Yes, if confirmed I will order a review of these materials to determine whether additional declassification is possible consistent with the need to protect national security.

So we should be getting a newly declassified version of the SSCI Report that will reveal what the Trump Administration did share, but buried under redactions.

Which will also reveal what Trump knew about Manafort’s affirmative ties to Russian intelligence when he pardoned Manafort to pay off Manafort’s silence about all that during the Mueller investigation.

Final Push for P5+1 Deal Begins Against Backdrop of US Working With Anti-Iran Groups

Very high level US diplomats, including William Burns and Wendy Sherman, are in Geneva for talks today and tomorrow (for the second time in a month) with  an Iranian delegation headed by Abbas Araghchi, whose position in Iran’s Foreign Ministry is similar to theirs. This meeting follows one on Monday between the EU’s chief negotiator Catherine Ashton and Iran’s Foreign Minister Mohammad Zarif. Reuters has more on today’s meetings, informing us that they are a prelude to the resumption of P5+1 negotiations (which now have a November 24 deadline when the interim deal expires):

Iran and the United States met in Geneva for bilateral talks on Thursday as international diplomacy intensifies to end a decade-old dispute over Tehran’s atomic activities by a new deadline in late November.

The office of European Union foreign policy chief Catherine Ashton confirmed Iran and six world powers would hold their first negotiating round since they failed to meet a July 20 target date for an agreement in New York on Sept. 18.

It is a wonder that Iran continues negotiations, as the US blacklisted a new group of companies last week that it accused of trying to help Iran work around sanctions. More from the Reuters article:

State news agency IRNA and a U.S. official confirmed the discussions were underway. “If there is good will and a constructive approach, we can reach a desired result before Nov. 24,” IRNA quoted Iran’s deputy foreign minister Majid Takht-Ravanchi as saying late on Wednesday. The United States last week penalized a number of Iranian and other foreign companies, banks and airlines for violating sanctions against Tehran, saying it was sending a signal that there should be no evasion of sanctions while talks continue. Rouhani said on Saturday the sanctions were against the spirit of negotiations, but added he was not pessimistic about the viability of the talks.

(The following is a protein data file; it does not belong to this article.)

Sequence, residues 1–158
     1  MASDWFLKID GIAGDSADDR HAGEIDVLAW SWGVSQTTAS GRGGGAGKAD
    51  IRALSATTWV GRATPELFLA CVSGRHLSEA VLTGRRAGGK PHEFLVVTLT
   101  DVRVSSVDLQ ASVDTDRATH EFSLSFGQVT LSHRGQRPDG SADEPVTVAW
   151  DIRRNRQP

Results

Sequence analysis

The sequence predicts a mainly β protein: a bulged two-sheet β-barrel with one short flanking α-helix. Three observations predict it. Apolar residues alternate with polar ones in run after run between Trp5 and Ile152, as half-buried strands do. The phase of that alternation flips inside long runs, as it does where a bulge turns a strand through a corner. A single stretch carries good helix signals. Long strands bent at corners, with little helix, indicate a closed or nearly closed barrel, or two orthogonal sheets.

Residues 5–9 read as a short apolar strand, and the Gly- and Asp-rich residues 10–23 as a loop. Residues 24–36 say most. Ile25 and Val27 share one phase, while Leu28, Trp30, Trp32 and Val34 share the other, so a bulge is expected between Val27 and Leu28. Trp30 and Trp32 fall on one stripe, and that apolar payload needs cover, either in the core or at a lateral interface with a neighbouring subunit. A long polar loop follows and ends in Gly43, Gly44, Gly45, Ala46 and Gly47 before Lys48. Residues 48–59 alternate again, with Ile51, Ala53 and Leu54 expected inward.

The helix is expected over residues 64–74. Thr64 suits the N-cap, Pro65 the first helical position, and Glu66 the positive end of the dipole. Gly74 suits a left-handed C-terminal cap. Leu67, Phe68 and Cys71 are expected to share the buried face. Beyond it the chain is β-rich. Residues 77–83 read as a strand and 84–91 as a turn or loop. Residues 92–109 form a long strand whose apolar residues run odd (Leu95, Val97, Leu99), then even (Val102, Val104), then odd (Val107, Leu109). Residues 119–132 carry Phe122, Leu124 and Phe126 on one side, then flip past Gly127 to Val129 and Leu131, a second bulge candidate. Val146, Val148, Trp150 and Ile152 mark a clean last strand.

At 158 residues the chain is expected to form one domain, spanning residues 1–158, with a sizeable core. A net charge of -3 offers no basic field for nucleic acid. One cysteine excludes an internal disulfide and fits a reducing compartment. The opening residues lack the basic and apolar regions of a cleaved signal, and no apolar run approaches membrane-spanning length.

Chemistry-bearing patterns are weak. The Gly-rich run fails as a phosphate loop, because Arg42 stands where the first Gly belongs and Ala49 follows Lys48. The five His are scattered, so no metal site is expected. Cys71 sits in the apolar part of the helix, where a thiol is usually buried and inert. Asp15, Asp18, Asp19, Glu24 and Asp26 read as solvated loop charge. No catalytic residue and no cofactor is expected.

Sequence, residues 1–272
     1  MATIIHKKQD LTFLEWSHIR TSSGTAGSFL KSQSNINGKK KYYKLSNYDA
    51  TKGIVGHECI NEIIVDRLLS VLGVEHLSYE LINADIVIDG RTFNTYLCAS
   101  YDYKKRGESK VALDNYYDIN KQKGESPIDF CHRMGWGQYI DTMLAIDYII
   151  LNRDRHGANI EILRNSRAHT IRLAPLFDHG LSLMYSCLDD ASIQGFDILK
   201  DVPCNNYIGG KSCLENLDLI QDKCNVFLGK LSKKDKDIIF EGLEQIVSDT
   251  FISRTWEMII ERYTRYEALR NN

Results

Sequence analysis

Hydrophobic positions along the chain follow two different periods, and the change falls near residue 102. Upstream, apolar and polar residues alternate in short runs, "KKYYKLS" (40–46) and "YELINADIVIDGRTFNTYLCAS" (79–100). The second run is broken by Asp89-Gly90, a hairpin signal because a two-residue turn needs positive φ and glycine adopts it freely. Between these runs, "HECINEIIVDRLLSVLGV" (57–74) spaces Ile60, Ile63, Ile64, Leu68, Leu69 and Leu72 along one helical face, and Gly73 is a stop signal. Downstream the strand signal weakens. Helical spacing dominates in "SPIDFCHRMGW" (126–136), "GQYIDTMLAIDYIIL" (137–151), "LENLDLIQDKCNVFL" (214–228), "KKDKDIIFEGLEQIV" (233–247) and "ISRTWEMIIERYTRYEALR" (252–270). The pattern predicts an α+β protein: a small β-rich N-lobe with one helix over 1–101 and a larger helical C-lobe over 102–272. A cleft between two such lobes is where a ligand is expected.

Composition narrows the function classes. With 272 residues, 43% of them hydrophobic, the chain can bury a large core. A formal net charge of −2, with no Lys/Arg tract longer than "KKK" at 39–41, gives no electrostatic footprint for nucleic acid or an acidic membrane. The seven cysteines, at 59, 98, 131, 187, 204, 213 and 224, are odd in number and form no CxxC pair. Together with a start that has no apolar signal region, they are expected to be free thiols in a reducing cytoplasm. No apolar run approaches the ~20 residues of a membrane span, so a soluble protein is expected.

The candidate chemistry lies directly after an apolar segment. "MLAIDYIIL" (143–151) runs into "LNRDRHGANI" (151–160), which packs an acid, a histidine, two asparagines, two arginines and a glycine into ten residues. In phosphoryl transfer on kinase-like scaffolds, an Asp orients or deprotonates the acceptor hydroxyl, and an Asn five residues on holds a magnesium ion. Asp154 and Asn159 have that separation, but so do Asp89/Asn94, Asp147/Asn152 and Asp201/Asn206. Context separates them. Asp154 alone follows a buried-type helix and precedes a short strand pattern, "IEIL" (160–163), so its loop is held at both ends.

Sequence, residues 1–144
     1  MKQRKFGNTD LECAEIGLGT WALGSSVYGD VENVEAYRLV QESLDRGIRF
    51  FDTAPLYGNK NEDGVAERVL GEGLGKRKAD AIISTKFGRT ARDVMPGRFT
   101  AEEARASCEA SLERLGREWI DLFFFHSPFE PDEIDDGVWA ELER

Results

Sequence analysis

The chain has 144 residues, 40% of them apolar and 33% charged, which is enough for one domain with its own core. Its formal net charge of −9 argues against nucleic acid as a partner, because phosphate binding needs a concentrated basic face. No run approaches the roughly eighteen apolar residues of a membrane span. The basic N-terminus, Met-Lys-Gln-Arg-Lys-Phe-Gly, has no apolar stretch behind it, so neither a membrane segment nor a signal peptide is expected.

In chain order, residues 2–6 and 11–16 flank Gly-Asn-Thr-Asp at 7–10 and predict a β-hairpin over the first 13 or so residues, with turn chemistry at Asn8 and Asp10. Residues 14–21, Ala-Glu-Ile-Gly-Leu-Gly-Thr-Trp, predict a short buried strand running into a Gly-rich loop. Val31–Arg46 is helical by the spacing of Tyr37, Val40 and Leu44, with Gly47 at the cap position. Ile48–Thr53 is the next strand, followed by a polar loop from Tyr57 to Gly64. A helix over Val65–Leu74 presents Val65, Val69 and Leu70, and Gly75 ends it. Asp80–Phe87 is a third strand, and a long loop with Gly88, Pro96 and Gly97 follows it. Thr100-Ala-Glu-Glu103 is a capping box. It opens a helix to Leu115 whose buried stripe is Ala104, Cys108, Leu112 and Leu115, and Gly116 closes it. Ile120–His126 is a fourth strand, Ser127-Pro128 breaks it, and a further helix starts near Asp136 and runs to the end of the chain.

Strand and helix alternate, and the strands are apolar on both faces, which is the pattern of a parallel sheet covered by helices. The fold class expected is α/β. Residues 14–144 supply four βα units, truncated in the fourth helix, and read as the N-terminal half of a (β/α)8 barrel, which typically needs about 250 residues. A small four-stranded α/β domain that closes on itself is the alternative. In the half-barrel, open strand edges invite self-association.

There is a very interesting backstory on parts of the blacklisting process. A seemingly “independent” group, United Against Nuclear Iran, has been very active in the process of “naming and shaming” individuals, companies and organizations that it accuses of violating the spirit of the sanctions against Iran. Despite the fact that they are supposed to be independent, the US has stepped into a lawsuit brought against UANI by a businessman claiming he was defamed (I owe Marcy a big thank you for alerting me to this part of the story). The government is specifically intervening to keep the funding of UANI secret:

The Obama administration has gone to court to protect the files of an influential anti-Iran advocacy group, saying they likely contain information the government does not want disclosed.

The highly unusual move by the Justice Department raises questions about the connections between the American government and the group, United Against Nuclear Iran, a hard-line voice seeking to prevent Iran from obtaining nuclear weapons. The group has a roster of prominent former government officials and a reputation for uncovering information about companies that sometimes do business with Iran, in violation of international sanctions.

The Justice Department has temporarily blocked the group from having to reveal its donor list and other internal documents in a defamation lawsuit filed by a Greek shipping magnate the group accused of doing business with Iran. Government lawyers said they had a “good faith basis to believe that certain information” would jeopardize law enforcement investigations, reveal investigative techniques or identify confidential sources if released.

Wow. So this “independent” group seems to be getting intelligence directly from the government, if we are to believe what the US said in its filing. So just who are the “former government officials” in UANI? A look at their “Leadership” page is nauseating. The first entry in the section for “Advisory Board” is none other than war hawk Joe Lieberman. Next to him is Fran Townsend and directly below him is a former director of the Mossad. The Advisory Board photos go on and on, a virtual “Who’s Who” of pro-war, pro-Israel media darlings. There also is a former Deputy Director of the IAEA even though it is supposed to be apolitical. Intellectual luminaries Mike Gerson and Mark Salter appear much lower on the list, perhaps out of a semblance of embarrassment. So, regarding those “investigative techniques” and “confidential sources” that the government doesn’t want to reveal in how UANI gets its information, consider this tidbit we got recently from David Albright, another player in the Iran-smearing business, this time branching out to comment on the recent tensions over US spying on Germany (also brought to my attention by Marcy): Read more